Muscle Tissue Physiology

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Physiology relates to the functions and homeostasis in the structural organization of an organism. For an athlete it is important to keep fit because the performance is based on the condition of his or her body. Therefore, for the best performance possible, their dynamic state of equilibrium requires proper maintenance. Since in the body, various organ systems are interdependent but require cooperation of other systems to work, they are made up of organs that work together closely. These organs are then further classified into different types of tissues with a common function including epithelial tissues, connective tissues, Nervous tissues, and muscle tissues. Of these tissues, the muscle tissues are composed of cells or fibers that contract …show more content…
For instance, cardiac muscle tissues which are only found in the heart are striated with one nucleus per cell. They are involuntary muscles and they have intercalated discs which allow the heart to contract. Like cardiac muscle tissues, skeletal muscle tissues are composed of striated tissues. However, they contain multiple nuclei and are usually connected to either or both extremities with a bone serve to move bones and the body. They are voluntary muscles which contain a lot of mitochondria. They are striated and have a long cylindrical shape. Skeletal muscle helps to maintain posture, stabilize joints and generate heat. Unlike skeletal muscles, smooth muscle tissues are smooth non-tubular (spindle-like) muscles that control slow involuntary movements. They are found in the walls of hollow organs and contain a single nucleus therefore they can function in digestive organs. Skeletal muscles have functions such as excitability, contractility, extensibility, and elasticity. This means that they are accountable for responsiveness and have the ability to receive and respond to stimuli. This also means that the muscle can shorten, lengthen or recoil based on the action …show more content…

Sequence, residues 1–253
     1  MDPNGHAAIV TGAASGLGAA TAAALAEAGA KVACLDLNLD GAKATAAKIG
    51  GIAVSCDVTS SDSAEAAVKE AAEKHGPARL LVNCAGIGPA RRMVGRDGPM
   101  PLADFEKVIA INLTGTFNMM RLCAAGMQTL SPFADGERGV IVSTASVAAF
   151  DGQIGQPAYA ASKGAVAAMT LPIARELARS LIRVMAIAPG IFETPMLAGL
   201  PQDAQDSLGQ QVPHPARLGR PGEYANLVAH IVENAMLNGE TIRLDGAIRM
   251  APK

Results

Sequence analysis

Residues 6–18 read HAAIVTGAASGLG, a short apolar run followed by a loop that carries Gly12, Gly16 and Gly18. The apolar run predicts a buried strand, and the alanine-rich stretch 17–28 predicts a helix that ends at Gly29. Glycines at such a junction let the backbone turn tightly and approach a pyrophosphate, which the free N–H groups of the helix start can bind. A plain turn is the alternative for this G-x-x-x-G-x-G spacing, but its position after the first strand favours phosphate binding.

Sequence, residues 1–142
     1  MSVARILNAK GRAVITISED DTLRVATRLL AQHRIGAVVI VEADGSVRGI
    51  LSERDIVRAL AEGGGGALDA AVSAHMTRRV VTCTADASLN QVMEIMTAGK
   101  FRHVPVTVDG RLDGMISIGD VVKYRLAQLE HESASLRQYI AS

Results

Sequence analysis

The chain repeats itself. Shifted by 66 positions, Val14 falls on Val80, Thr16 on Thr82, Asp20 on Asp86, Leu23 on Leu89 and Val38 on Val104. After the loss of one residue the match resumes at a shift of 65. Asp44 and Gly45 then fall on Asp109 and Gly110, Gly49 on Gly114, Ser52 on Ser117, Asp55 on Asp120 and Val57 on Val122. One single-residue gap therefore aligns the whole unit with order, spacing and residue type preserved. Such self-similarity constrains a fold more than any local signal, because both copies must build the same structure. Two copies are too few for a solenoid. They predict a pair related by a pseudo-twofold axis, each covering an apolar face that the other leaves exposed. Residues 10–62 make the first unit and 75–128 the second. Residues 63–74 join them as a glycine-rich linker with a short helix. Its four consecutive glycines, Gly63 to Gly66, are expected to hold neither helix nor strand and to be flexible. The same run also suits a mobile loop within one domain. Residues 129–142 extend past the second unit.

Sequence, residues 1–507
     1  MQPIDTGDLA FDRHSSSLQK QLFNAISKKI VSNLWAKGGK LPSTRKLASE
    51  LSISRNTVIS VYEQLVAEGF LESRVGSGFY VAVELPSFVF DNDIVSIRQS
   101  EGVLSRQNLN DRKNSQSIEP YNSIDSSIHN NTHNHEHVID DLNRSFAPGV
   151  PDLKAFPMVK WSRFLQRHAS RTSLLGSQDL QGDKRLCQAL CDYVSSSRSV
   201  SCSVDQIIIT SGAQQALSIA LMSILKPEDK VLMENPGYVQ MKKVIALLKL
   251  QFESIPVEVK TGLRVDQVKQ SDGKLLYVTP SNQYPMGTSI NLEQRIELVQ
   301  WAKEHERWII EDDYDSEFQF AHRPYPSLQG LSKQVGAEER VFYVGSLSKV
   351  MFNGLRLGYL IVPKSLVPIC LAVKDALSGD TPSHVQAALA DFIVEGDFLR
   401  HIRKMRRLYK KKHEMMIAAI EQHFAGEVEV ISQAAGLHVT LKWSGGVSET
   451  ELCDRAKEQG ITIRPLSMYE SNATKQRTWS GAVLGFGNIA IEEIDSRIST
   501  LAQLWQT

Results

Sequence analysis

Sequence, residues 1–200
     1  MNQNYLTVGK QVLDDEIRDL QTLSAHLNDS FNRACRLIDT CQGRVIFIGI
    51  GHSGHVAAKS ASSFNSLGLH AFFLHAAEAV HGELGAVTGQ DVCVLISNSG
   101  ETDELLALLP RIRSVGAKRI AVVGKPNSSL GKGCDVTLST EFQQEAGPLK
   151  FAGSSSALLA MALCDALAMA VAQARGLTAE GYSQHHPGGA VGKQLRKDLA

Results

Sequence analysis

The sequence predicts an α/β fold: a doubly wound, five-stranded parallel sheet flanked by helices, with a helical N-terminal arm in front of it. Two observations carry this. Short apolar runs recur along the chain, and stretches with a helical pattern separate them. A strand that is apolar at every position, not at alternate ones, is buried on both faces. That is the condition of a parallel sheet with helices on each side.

Furthermore, synergists are helpers of prime movers and occur during flexors while fixators keep the body stable during movement and maintain posture. For the 100 meter dash, the fixators are the fingers placed on the floor while crouched. The levers are the arm bones and the leg bones (humerus, radius, tibia, femur, etc) while the load is the athletes body. There are multiple points that can be said to be the fulcrum and effort but focusing on the knees and ankles, the movement will involve the athlete’s dominant leg or the push-off leg. For this movement, the effort will be in the leg muscles (including the thigh muscles) and this will involve the use of a second or third class

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